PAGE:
Areas of Experience
At Gay & Reitz we have over 40 years of combined experience in divorce cases and can help you. Many people consult with us when their marriage is “on the rocks” who are either trying to decide whether they should file for a divorce or they fear their spouse is about to file for a divorce. They want advice on what they need to do in order to protect themselves. They want to know what the outcome of a divorce will to be as to property division and debts and for their children. It is almost always a mistake to just sit back and “hope for the best”. If there are serious issues or you believe your spouse is about to file for divorce, we discuss whether you should file. On the other hand if things are just “not going well” we talk about what you should be doing now to protect yourself. If child custody or visitation may be an issue, then the best interest of the children is the focus of our conversation and what you want for your children. We discuss your property, debts, back-up documents and what division you want. If you or your spouse are thinking about a divorce, call Gay & Reitz. We can help you to make important decisions for your future and for your children’s future.
Our attorneys have over 40 years of combined experience with prenuptial agreements. It has been estimated that for first marriages the probability of divorce is 50%. For second marriages where one or both partners have children, the probability of divorce is 70%. “Would you board an airplane if you were told that the chance of it crashing was 50-70%?” Probably not. But what if you could get an insurance policy that would save you if the plane did crash? A prenuptial agreement is something like an insurance policy for both prospective spouses to consider. We have prepared prenuptial agreements for clients entering their first marriage, second marriage, clients with children, and clients without children, those of modest wealth and those of high wealth. If you are about to marry, call Gay & Reitz to discuss whether a prenuptial agreement is right for you.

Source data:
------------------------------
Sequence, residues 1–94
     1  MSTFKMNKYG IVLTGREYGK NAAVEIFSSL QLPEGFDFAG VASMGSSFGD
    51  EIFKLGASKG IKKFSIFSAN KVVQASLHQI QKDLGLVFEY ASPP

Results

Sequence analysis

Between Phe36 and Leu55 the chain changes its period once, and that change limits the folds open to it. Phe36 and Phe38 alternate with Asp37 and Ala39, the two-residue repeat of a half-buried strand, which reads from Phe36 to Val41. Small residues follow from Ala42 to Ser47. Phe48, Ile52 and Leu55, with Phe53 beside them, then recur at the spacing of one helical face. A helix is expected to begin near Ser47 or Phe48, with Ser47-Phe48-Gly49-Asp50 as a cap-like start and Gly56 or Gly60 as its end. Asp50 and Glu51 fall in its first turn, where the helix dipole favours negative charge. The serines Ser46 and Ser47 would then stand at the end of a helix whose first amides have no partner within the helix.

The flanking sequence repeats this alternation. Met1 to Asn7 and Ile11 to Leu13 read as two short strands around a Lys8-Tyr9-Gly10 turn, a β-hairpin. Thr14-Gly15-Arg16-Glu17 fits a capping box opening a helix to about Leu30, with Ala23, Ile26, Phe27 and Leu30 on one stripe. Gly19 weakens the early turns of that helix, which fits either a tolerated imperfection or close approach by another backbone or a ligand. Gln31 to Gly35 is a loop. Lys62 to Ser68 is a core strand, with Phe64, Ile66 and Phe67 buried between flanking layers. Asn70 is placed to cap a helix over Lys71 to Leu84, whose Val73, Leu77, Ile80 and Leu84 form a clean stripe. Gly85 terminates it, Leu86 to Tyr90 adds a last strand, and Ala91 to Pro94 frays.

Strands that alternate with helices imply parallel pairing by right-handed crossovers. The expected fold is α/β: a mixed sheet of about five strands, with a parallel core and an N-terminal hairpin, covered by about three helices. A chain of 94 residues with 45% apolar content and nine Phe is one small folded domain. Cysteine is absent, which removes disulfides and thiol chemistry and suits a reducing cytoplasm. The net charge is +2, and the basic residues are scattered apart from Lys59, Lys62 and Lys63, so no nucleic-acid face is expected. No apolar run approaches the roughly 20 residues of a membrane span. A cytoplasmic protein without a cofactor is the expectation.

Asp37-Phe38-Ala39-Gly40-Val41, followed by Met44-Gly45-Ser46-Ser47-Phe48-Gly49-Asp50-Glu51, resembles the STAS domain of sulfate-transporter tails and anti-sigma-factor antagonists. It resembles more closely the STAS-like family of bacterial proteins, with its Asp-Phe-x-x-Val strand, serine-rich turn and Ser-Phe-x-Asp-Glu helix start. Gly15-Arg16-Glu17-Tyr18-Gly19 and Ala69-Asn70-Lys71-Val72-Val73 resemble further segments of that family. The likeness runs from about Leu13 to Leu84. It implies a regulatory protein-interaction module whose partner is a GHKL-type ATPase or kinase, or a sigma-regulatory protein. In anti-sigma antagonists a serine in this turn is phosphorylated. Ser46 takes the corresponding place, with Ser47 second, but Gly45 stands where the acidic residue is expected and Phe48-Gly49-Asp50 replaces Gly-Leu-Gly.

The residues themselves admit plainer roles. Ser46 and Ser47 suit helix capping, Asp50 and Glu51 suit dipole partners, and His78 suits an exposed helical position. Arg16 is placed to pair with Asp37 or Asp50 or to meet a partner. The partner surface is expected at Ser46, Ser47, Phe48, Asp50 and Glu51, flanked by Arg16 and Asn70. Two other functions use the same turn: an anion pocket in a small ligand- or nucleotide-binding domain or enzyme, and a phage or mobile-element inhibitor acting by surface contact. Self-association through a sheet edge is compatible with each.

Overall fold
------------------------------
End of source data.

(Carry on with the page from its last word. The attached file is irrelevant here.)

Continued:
Our attorneys have over 40 years of combined experience in negotiating and litigating property disputes in divorce cases. Texas is a community property state. The court is required to divide the community property in a manner that is “just and right”.
It is critical to understand that in Texas a 50/50 division of property is not required nor is it even preferred under Texas law. This means that the judge can do whatever he thinks is fair under the specific circumstances of each case. In fact, when children are involved it is typical to have an unequal division.
A multitude of factors can persuade the judge in a particular case to make a “lopsided” division of community property such as a disparity in earning capacity between the parties, poor health, age, education, a fault in causing the divorce, and many others.
Our attorneys have over 40 years of combined experience in negotiating and litigating separate property disputes. When property is divided in a divorce, the first thing the judge does is categorize each item as either community or separate property. Texas is a community property state and by law, the judge starts off with the presumption that all property is community property and subject to division by the court.